- I Use service concepts, principles, and techniques to connect individuals or groups with accurate, relevant, and appropriate information.
- M Demonstrate oral and written communication skills necessary for professional work including collaboration and presentations.
- N Evaluate programs and services using measurable criteria.
- Auguste, M. (2012). Voya's guide to intellectual freedom for teens. Voya Press. Available through Amazon: 1617510076
- Magi T., Garnar M., & Office for Intellectual Freedom (2015). Intellectual freedom manual (9th ed.). Chicago, IL: American Library Association. Available through Amazon: 0838912923
The standard SJSU School of Information Grading Scale is utilized for all iSchool courses:
|97 to 100||A|
|94 to 96||A minus|
|91 to 93||B plus|
|88 to 90||B|
|85 to 87||B minus|
|82 to 84||C plus|
|79 to 81||C|
|76 to 78||C minus|
|73 to 75||D plus|
|70 to 72||D|
|67 to 69||D minus|
In order to provide consistent guidelines for assessment for graduate level work in the School, these terms are applied to letter grades:
- C represents Adequate work; a grade of "C" counts for credit for the course;
- B represents Good work; a grade of "B" clearly meets the standards for graduate level work;
For core courses in the MLIS program (not MARA) — INFO 200, INFO 202, INFO 204 — the iSchool requires that students earn a B in the course. If the grade is less than B (B- or lower) after the first attempt you will be placed on administrative probation. You must repeat the class the following semester. If -on the second attempt- you do not pass the class with a grade of B or better (not B- but B) you will be disqualified.
- A represents Exceptional work; a grade of "A" will be assigned for outstanding work only.
Students are advised that it is their responsibility to maintain a 3.0 Grade Point Average (GPA).
General Expectations, Rights and Responsibilities of the Student
As members of the academic community, students accept both the rights and responsibilities incumbent upon all members of the institution. Students are encouraged to familiarize themselves with SJSU's policies and practices pertaining to the procedures to follow if and when questions or concerns about a class arises. See University Policy S90-5 at http://www.sjsu.edu/senate/docs/S90-5.pdf. More detailed information on a variety of related topics is available in the SJSU catalog at http://info.sjsu.edu/web-dbgen/catalog/departments/LIS.html. In general, it is recommended that students begin by seeking clarification or discussing concerns with their instructor. If such conversation is not possible, or if it does not serve to address the issue, it is recommended that the student contact the Department Chair as a next step.
Dropping and Adding
Students are responsible for understanding the policies and procedures about add/drop, grade forgiveness, etc. Refer to the current semester's Catalog Policies section at http://info.sjsu.edu/static/catalog/policies.html. Add/drop deadlines can be found on the current academic year calendars document on the Academic Calendars webpage at http://www.sjsu.edu/provost/services/academic_calendars/. The Late Drop Policy is available at http://www.sjsu.edu/aars/policies/latedrops/policy/. Students should be aware of the current deadlines and penalties for dropping classes.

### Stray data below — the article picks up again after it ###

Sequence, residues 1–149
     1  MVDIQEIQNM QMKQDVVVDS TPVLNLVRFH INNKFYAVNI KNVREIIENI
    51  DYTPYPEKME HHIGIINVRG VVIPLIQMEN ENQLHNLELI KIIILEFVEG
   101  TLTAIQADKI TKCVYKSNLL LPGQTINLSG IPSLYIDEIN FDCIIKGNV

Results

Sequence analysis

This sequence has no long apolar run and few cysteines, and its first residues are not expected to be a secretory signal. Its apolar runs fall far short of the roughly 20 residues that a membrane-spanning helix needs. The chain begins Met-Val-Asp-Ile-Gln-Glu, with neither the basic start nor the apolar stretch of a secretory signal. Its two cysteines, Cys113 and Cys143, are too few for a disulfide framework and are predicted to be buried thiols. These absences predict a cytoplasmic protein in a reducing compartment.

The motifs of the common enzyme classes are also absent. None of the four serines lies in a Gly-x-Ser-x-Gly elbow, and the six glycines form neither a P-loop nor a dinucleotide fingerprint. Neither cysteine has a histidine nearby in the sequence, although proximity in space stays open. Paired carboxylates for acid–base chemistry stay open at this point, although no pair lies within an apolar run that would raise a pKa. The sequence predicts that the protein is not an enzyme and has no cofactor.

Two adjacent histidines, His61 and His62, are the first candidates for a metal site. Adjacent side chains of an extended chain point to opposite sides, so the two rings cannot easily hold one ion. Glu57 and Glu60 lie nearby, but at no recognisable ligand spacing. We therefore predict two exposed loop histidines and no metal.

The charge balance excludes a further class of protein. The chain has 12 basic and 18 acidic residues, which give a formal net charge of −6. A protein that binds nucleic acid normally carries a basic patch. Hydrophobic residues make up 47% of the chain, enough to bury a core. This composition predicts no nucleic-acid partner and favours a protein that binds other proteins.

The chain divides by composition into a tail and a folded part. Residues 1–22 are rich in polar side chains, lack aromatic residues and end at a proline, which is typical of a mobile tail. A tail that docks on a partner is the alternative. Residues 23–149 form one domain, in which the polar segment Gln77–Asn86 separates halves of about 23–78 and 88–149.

Information about the latest changes and news is available at the Advising Hub at http://www.sjsu.edu/advising/.
Consent for Recording of Class and Public Sharing of Instructor Material
University Policy S12-7, http://www.sjsu.edu/senate/docs/S12-7.pdf, requires students to obtain instructor's permission to record the course and the following items to be included in the syllabus:
- "Common courtesy and professional behavior dictate that you notify someone when you are recording him/her. You must obtain the instructor's permission to make audio or video recordings in this class. Such permission allows the recordings to be used for your private, study purposes only. The recordings are the intellectual property of the instructor; you have not been given any rights to reproduce or distribute the material."
- It is suggested that the syllabus include the instructor's process for granting permission, whether in writing or orally and whether for the whole semester or on a class by class basis.
- In classes where active participation of students or guests may be on the recording, permission of those students or guests should be obtained as well.
- "Course material developed by the instructor is the intellectual property of the instructor and cannot be shared publicly without his/her approval. You may not publicly share or upload instructor generated material for this course such as exam questions, lecture notes, or homework solutions without instructor consent."
Your commitment, as a student, to learning is evidenced by your enrollment at San Jose State University. The University Academic Integrity Policy F15-7 at http://www.sjsu.edu/senate/docs/F15-7.pdf requires you to be honest in all your academic course work. Faculty members are required to report all infractions to the office of Student Conduct and Ethical Development. The Student Conduct and Ethical Development website is available at http://www.sjsu.edu/studentconduct/.
Campus Policy in Compliance with the American Disabilities Act
If you need course adaptations or accommodations because of a disability, or if you need to make special arrangements in case the building must be evacuated, please make an appointment with me as soon as possible, or see me during office hours. Presidential Directive 97-03 at http://www.sjsu.edu/president/docs/directives/PD_1997-03.pdf requires that students with disabilities requesting accommodations must register with the Accessible Education Center (AEC) at http://www.sjsu.edu/aec to establish a record of their disability.